Even while the police worked feverishly gathering information in relation to Jayne MacDonalds murder, Peter Sutcliffe prepared to kill again. It was Saturday night 9 July 1977 when Peter left Sonia at home in Tanton Crescent with her parents. Driving the white Corsair with the black roof, he headed for Manningham Lane and the red-light Lumb Lane district of Bradford.
Maureen Long, at home in Farsley, near Leeds, also made preparations to spend Saturday night in Bradford. She spent the first part of the evening visiting various pubs in Bradford, including one where she met her estranged husband and made arrangements to spend the night at his home in Laisterdyke, Bradford. The rest of the evening was spent at Tiffanys, in the Bali Hai discotheque, where she danced and drank until just after 2.00am.
As she waited in the long queue at a nearby taxi rank to get a lift to her husbands home, a white car pulled up. The driver, Peter Sutcliffe, offered her a lift. Peter drove Maureen to Bowling Back Lane where he struck her a massive blow to the back of the head. As she lay on the ground, he stabbed her in the abdomen and back. The barking of a dog nearby interrupted his frenzied attack and he left Maureen for dead as he fled the scene. His car was seen leaving the area by a nightwatchman who was working nearby, at 3:27 am. He described the car as a Ford Cortina Mark II, white with a black roof.
Two women living in a nearby caravan found Maureen the next morning. They had heard cries for help, went to investigate and found Maureen Long lying seriously injured on the ground. She should have been dead. The injuries she sustained would have killed most people, but somehow Maureen survived.
She was rushed to hospital in Bradford where she underwent emergency surgery. Later she was transferred to Leeds for major neurological surgery. Oldfield begged doctors for an opportunity to talk with Maureen before they commenced surgery. Maureen tried hard to recall as many details as she could. She remembered leaving Tiffanys and the car that had stopped to give her a lift. The man, as she recalled, was white, with a large build, about thirty-five with light brown, shoulder-length hair; he would have been about six foot, with puffed cheeks and big hands. She wasnt sure about the colour of the car, it was white or yellow, or blue. She would not remember anything when she came out of surgery.
It would be six weeks before Maureen could leave hospital, only to spend a further three weeks in a convalescent home, before returning home. All she had to live on was her thirteen-pound-a week social security payment. In 1978, she appeared in the Bradford Magistrates Court, charged with stealing from three shops in the city centre. She told the court that she was waiting for compensation for the attack, having only received £300. She was fined seventy-five pounds. In April 1979, the Criminal Compensation Board offered her £1500. She appealed. She was later awarded £1250 as an interim payment, while her case would be held under medical review. To help make ends meet, Maureen sometimes received payment for interviews about the attack.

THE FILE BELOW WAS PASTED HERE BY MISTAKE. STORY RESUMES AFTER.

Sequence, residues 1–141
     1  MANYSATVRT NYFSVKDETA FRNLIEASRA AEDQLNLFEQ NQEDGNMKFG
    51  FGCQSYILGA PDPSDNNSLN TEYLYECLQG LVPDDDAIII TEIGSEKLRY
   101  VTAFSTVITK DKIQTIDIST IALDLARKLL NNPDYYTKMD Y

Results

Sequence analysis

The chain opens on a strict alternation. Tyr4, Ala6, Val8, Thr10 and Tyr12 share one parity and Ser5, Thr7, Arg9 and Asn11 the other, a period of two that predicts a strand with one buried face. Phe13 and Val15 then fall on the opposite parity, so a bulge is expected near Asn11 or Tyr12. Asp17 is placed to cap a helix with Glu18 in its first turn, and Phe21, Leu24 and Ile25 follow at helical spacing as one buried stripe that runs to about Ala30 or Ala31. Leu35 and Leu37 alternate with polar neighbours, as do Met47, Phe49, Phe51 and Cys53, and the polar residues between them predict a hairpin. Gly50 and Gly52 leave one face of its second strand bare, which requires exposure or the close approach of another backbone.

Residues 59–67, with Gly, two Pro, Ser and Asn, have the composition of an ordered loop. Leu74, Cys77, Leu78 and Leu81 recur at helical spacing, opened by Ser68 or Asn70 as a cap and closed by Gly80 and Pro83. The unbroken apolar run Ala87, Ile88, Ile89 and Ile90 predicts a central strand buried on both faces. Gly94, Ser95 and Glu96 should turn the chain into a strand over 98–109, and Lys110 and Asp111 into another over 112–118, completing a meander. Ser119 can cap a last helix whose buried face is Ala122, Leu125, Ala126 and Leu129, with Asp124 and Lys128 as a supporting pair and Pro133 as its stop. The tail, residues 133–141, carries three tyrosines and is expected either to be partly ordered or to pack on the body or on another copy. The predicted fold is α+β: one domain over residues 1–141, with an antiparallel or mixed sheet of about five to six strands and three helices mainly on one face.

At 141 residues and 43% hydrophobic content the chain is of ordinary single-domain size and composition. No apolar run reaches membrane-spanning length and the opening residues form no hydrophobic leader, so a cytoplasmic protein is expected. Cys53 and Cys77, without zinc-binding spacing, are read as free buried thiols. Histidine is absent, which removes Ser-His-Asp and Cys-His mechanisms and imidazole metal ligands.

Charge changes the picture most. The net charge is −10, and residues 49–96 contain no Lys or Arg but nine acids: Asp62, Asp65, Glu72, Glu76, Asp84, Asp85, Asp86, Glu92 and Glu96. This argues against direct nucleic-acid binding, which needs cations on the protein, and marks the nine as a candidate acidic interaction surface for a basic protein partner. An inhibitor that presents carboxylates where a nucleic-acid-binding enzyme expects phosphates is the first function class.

While Maureen recuperated in hospital, the police investigation began. Detectives set up interview rooms at Tiffanys nightclub in an attempt to glean as much information as they could from the patrons who had been there the week before. The investigation into the attack on Maureen Long would involve 304 officers working full-time. They interviewed 175,000 people, took 12,500 statements and checked 10,000 vehicles. The nightwatchmans description of the killers car as a white Ford Cortina Mark II matched the thousands of cars used by taxi-drivers in the area.
Police had already contemplated the possibility of the killer being a taxi driver. He would have a good knowledge of the area, enabling him to know the best haunts for prostitutes and the quiet, secluded areas that he could take them to. They had started questioning taxi drivers after Tina Atkinsons murder and now they increased that line of investigation. Most were quickly cleared, but one taxi driver, Terry Hawkshaw was not. The police were not completely satisfied with his explanations about his whereabouts on the nights of the murders. He lived alone with his mother in a central location to all of the killings. He was thirty-six years old and his appearance fitted the general description of the killer.
Terry Hawkshaw was placed under surveillance twenty-four hours a day. Police followed him as he drove his taxi and drank at local pubs. Armed with a search warrant, they entered his home, searching it from top to bottom, including dustbins and his uncles tool shed. They removed all of his clothing from his home, cut locks from his hair and took blood samples. They even took the carpets from his car.
He was taken in for questioning a number of times. On one such occasion, he was held from eight oclock in the evening until eight oclock the following morning. Meanwhile the real killer continued to elude police and drove freely through the streets of Yorkshire looking for his next quarry.